Step 2: Start reinforcing longer eye contact
Begin to require longer eye contact with the bucket before you reinforce. Don’t increase your criteria too soon or quickly as this may cause your learner confusion.
Step 3: Add the behaviour you are conditioning (grooming, touch, etc)
This example uses an ear touch:
- Wait until he can focus on the bucket (remember it doesn’t matter what position the dog is in – it could be a sit/down/stand).
- When he is focused on the bucket and able to hold his focus for a few seconds, I’m going to start moving my hand to his side (not touching him etc).
- At this point he can choose to continue to look at the bucket –and if he does, he will be reinforced. If he looks at my hand or away from the bucket, he has communicated that he was uncomfortable, and I will stop –remember the game of choice.
- When he re-engages with the bucket, the game begins again. This time don’t move the hand so fast or far. If he can maintain focus on the bucket –he is reinforced.
- This continues, until the dog can have his ear examined.
Important: The game of choice, will only work, if you allow the animal to communicate that they wish to begin, pause, and stop the game. If the animal looks away from the bucket, the game pauses/stops. When they re-engage with the bucket, the game continues.
A Start Button Behaviour
A start button behaviour is a behaviour that the dog does to say ‘yes’ to something else happening. The dog is in complete control of the session. We give them a way to say yes by turning a behaviour into a start button. Practically speaking, this means we only perform the husbandry after the dog offers the specific start button behaviour. The dog learns that if they don’t give that behaviour, the thing we are doing to do to them doesn’t happen. Therefore, they are in control! Common examples of start button behaviours are going on to a mat or a chin rest.
Example of the start button behaviour – of going to a mat
Let’s say your start button behaviour for brushing your dog is your dog being on a mat. When they are on the mat, you brush them. If they don’t go on the mat, it is a no, and it is important that we honour that no. Initially, we spend time reinforcing our dogs for stepping onto the mat and then sending them off. After a few repetitions the dogs offer to come onto the mat. At this stage I brush the dog and reinforce with a food reward. Gradually I increase the length of time spent brushing and always stop brushing if the dog moves away from the mat. This builds up a predictable sequence of steps for brushing the dog.
Example of the start button behaviour – A Chin Rest
Let’s say your start button behaviour for giving your dog ear drops is your dog resting their chin on a cushion/or your leg. I teach this by initially teaching my dog to put their chin on my palm.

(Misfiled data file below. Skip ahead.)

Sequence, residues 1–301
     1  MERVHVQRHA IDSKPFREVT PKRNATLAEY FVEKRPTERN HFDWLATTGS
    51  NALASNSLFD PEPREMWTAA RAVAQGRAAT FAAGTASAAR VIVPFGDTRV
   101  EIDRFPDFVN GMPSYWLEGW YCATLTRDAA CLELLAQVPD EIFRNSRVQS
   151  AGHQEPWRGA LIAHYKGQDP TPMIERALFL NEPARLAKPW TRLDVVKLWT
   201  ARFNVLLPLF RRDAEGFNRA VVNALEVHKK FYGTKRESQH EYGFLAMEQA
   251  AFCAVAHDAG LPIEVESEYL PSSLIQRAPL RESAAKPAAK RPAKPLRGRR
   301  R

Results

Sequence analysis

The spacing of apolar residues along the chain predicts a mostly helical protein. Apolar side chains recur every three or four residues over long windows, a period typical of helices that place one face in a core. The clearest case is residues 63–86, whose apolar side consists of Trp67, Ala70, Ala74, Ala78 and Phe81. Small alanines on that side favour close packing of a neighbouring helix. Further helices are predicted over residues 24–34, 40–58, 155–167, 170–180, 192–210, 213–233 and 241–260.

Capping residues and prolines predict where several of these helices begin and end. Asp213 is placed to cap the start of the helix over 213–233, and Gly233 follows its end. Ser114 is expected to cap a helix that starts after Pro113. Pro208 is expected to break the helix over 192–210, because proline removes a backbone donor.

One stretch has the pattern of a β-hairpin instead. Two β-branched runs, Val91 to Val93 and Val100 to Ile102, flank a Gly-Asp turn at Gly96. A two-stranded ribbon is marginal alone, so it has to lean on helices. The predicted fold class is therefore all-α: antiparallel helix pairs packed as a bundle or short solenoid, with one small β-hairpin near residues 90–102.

Step 1: Raise your hand palm up to your dog’s chin, as soon as you make contact with their chin, say your maker word e.g. ‘Yes’ and reinforce. Repeat around 10 times. (All you are rewarding here is the contact of your palm to their chin).
Step 2: Next, move your hand up close to your dog’s chin, but don’t touch their chin. Wait to see if your dog offers the behaviour of touching their chin to your palm, if this happens mark with ‘Yes’ then reward.
If they don’t offer the behaviour, then go to step 1 again.
When your dog starts trying to put her chin in your hand you can add the signal chin. Then to add duration mark and reinforce after 1 second instead of just touching, then two and then three and gradually increase the length of time the dog offers the behaviour.
Building a chin rest into Husbandry training requires first working on duration for the behaviour and building up a reliable verbal signal. I then progress by working on a chin rest behaviour to a cushion or my leg, this way you have two free hands to do any husbandry work.
First, you are looking for a few seconds duration for the chin rest, once this is reliable you can begin to add in small distracting movements. For example, sit on the floor in front of your dog, keep one hand on your knee, and give your ‘Chin’ signal, once your dog’s chin is resting on your hand or the cushion then subtly lift one finger off your knee, If the dog’s chin remained in chin position then mark and reinforce but If the dog lifted their head to look at your finger then stop and start again but next time make it easier by making it less distracting. Over time your dog will start to understand that they are being reinforced for remaining in the chin position. Then you can incorporate the ear drop bottle. Then move the ear drop bottle towards the dog’s ear and so on until we can quickly add the drops to the dog’s ear with their cooperation. If at any point the dog’s chin lifts from the cushion, then we will stop what we are doing and only start again if they rest their chin back onto the cushion.
Cooperative care is rooted in empowering animals to be willing participants in their own care. In practice, this means we give them a way to “say” yes and no. Practically speaking, this means we only take our action after the dog offers the specific start button behaviour. The dog learns that if they don’t give that behaviour, the thing we are doing to do to them doesn’t happen. Therefore, they are in control! As you may have guessed, cooperative care hinges on the ability for your dog to “say” no. So sometime this needs to be reinforced to ensure the dog isn’t being coerced into saying yes. I often include a Free-work station (like a sniffer mat or similar) in my husbandry training. Which gives the dog the ability to say No without any intimidation to say yes from the food. You might be thinking, but if your dog has two ways to get treats and only one of them involved enduring something that they don’t like (aka getting their hair brushed), why would they ever choose the option that involved something they didn’t particularly enjoy? Because giving your dog the gift of choice AND control is magical, it is making the husbandry behaviour a secondary reinforcer! Giving our dogs the choice to ‘opt in’ and ‘opt out’ builds up trust and cooperation!
Have Fun With Your Dog All Year Long!